When Loss Is A Good Thing

Red-Sunset1All changes, even the most longed for, have their melancholy; for what we leave behind us is a part of ourselves; we must die to one life before we can enter another. -Anatole France, novelist, essayist, Nobel laureate (1844-1924)

About a year ago, I fell in love with a kitten and took him home.  George, the kitten, was significant to me emotionally and spiritually. Ten months later, he died from FIP, and did so as no less the soul I loved the minute I met him.  During the process of his death, I found myself experiencing loss completely differently than ever before.  I was in touch with an underlying peace and surrender that was new to me.  While I was very sad when he died, I did not suffer from his loss.  As I reflect, I find that most of my losses need to be reframed from what I have learned from George.

If we believe that what manifests in life is a reflection of our own vibration, then what we practice and how we show up will change over time.  That means that some relationships will no longer be right for us.  It means that some things we really enjoyed doing won’t be important any more.  It means that we will engage in things we have had no idea about before.  The truth of who we are will no longer be reflected in the constancy of our external world.  The truth will be something we recognize as reflected in the change – and the loss – in our world.

When I have used the quotation about change before, I have focused on the melancholy, and seeing a cause and effect between melancholy and loss.  But the loss can also be seen as a good thing, as perfect, and beautiful.  The change is not a block to joy.  Melancholy may be more a result of a belief than in a true direct experience.  Melancholy is attached to a belief that something is not as it should be, or it is attached to trying to hold on to something that no longer exists. While George’s death resulted in feelings of sadness and tears, it was not emotional suffering.  I had cleared enough beliefs about loss and death that I expereinced this loss very differently.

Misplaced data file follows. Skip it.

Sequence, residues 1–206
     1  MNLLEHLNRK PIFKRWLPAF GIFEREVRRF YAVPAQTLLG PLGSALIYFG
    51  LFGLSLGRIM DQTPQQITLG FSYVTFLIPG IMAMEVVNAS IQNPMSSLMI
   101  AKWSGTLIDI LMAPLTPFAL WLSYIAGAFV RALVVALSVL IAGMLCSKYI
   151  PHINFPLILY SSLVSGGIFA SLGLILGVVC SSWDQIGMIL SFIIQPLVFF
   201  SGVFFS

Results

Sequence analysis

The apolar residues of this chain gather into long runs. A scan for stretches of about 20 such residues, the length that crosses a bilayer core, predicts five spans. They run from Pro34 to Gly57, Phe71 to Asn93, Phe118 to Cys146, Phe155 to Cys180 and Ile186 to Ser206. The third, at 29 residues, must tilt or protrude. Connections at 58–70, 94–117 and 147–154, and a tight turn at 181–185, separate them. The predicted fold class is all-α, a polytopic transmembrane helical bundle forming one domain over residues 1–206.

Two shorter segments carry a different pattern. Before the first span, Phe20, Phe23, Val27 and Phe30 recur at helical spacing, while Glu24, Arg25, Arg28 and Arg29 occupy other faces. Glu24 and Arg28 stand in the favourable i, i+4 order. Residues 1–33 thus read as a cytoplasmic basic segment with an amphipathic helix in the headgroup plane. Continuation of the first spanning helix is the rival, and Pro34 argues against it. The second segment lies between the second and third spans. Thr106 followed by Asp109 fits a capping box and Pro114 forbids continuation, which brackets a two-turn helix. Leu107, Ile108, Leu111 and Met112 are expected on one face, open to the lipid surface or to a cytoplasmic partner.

Now, I look at my life and I do not see the patterns, activities, relationships and experiences of a year ago, or two years ago. A year ago, my approach was to try to find some way to replace or replicate what was lost. From time to time I have felt panic over the Fear Of Missing Out.  Am I too withdrawn? Have I closed my heart? Should I be traveling more? Should I be more open to having one lover? Is there something I should be that I am not? Have I tried hard enough? And so on.

The fact is, I am not who I was a year ago, and definitely not two years ago.  When I re-read my blogs, it would appear I am not who I was in September or October.  I can recall suffering in those times.  But sometime in the last month or so, the egoic patterns related to suffering dropped away.  I only have one situation right now that causes suffering, and that is the finalization of details on my divorce.  The suffering is completely due to me being in opposition to what is.  I would love for him to be out of my life completely but that will not be the case with our child.  So putting energy into trying to find ways to make him disappear from my experience is in fact the cause of my suffering.  What if I approach him as who I am today? What if I embrace this reality and live from what I value? What if the lack of vibrational harmony between us is simply irrelevant?

It may not be obvious to you unless that shift is something you are doing as well, but that set of questions blows open my suffering completely.  Any anger dissolves into crumpled paper.  The whole thing goes poof! And in that shift, I have actually lost a segment of my Identity – at least my egoic identity.

I have to say – that particular loss is a very good thing.

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